So we as queer and gender non-conforming people bring ourselves to the table and engage with employers directly. Everything changes once we are face to face in the same room, because so much of the phobia and the hate is based on mythologies that feed on estrangement. We use what we call compassionate and courageous confrontation. We never use guilt or shaming as a tool. We recognize that people don’t resist change, they resist loss. Paradoxically, queer people represent a certain sense of loss to those who oppress them. We help them see that by releasing old habits or views (like homophobia) they are not losing who they are. They can thus see that our community is not responsible for their sense of loss.
Meydanoglu: Have you found some surprising allies along the way?
Zeidan: What has been surprising is the amount of people who agree with us but have not found the space to express that agreement and support. The parameters of what constitutes support have been incredibly narrow. If your only option to support LGBT rights is to become an activist, the vast majority of people who agree with you cannot express their support. The more we diversify how people can come and join in, the stronger we will be.
Meydanoglu: What are some of these new entry points?
Zeidan: We’ve been trying to work with youth for a very long time, but parents were simply not going to let us onto high school campuses. So, we weren’t able to deal with critical issues like bullying or sexual health. Some of the most elite schools in the country are still doing conversion therapy on LGBT youth, even though the Lebanese Psychological and Psychiatric Association has banned the practice. So, how on earth could we reach the kids? The scouts became one of our answers. We are now able to reach the same kids through a different venue! Interestingly, our meetings and events take place in the basement of a church, because the priest who runs it wants to support queer kids with his actions even if he can’t do it with his sermons.
All we have to do is find these people – that makes all of the difference! That’s how we’ve been able to get legal and security information to youth, as well as workshops on how to counter bullying and hate speech. We’re helping young queer people feel better about themselves and make things better for others who share their challenges.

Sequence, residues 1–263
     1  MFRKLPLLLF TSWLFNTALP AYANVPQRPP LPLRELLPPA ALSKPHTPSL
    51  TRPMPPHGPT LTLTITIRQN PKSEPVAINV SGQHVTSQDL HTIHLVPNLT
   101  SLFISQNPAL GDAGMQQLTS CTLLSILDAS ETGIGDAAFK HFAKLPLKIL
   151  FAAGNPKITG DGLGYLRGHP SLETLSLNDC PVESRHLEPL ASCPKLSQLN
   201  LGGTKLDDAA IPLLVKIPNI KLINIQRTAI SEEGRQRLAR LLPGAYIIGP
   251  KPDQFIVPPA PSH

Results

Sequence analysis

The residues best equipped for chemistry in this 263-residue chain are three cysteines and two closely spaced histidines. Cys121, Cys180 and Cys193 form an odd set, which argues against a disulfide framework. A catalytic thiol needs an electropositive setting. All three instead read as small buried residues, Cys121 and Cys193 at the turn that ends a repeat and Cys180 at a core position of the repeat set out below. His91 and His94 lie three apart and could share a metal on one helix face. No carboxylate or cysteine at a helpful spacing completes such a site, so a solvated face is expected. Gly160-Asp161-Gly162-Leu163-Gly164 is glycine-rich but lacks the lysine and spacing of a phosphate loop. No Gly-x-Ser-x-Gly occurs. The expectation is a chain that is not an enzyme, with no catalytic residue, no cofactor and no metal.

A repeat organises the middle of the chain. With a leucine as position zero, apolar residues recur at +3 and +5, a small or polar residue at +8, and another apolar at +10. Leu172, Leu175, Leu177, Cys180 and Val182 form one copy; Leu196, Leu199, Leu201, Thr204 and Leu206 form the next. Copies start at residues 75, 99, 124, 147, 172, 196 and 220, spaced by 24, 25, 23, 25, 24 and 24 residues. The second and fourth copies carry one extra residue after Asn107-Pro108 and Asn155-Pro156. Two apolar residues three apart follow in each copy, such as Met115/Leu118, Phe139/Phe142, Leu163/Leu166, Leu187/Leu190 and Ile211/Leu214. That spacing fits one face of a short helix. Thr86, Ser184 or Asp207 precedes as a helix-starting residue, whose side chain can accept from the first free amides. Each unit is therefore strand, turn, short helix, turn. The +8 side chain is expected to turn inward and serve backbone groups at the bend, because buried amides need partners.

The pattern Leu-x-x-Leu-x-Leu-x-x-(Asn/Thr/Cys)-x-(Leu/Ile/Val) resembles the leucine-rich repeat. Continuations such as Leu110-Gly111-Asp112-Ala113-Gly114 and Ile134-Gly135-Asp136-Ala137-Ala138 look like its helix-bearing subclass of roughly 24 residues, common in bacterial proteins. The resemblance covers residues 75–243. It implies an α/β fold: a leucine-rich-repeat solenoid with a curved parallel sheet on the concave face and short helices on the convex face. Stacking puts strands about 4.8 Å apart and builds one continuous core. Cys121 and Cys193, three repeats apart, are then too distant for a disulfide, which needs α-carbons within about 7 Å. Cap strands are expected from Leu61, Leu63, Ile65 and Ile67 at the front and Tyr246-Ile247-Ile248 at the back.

Meydanoglu: You bring up the Church. How important has it been to bring these large institutions along?
Zeidan: Engagement with institutions, like the church or our government is nearly impossible to do here. People may be privately sympathetic, but publicly won’t touch this issue. This is not just about LGBT people, but about any controversial topic. Where we’ve had a lot of success is precisely in ignoring the top hierarchies and identifying instead the layers of power within them that can shift. For example, we don’t talk to Ministers, who are political appointees. We talk to the permanent staff of each ministry. Senior and junior staff across multiple key ministries have proven to be very LGBT inclusive, so we’ve been able to facilitate funds and access for HIV medication, aid for gender affirmation surgery, access to social security and more. We did not need to go through parliament to make the lives of LGBT people easier in the short and medium run.
We’ve also worked this way with priests and sheikhs. We weren’t trying to find people who would publicly challenge the church on LGBT inclusion. We simply wanted individuals who believed faith and sexuality are reconciled to come and speak with LGBT people of faith, to help them reconcile their own internal struggles. We started by addressing the problem that the community was facing, as opposed to the problem that we as activists were facing.
That allows these clerics of both Christianity and Islam to gradually expand and evolve their role into something that’s a lot more political, in terms of their actual support of the cause. And it also requires us as a secular organization to change our own inner culture to allow LGBT people of faith a safe space, to be heard and to be seen, to organize and be part of the solution.
Tarek Zeidan leads Helem, the first LGBT rights organization in the Arab World, founded in Beirut in 2004. He was an ELI fellow at the Harvard Center for Public Leadership and an emerging human rights fellow at the Carr Center for Human Rights Policy at Harvard. Tarek joined Ashoka’s network in 2020. You can follow him on twitter @tarekzeidan @HelemLebanon
Zeynep Meydanoglu is the Country Co-Director of Ashoka Turkey, and the field leader of Next Now/Gender. Prior to Ashoka, Zeynep led civil society strengthening initiatives and contributed to Turkey’s women’s movement in organizations like TUSEV, KAMER and Purple Roof Foundation.
Next Now: Ashoka’s Next Now highlights innovations in areas ripe for transformation, including Tech & Humanity, Aging and Longevity, Gender, and Planet & Climate. This series sheds light on the wisdom and ideas of leaders creating an equal world for people of all genders. Read Part 1, Part 2, Part 3, Part 4, Part 5 and Part 6 of the series.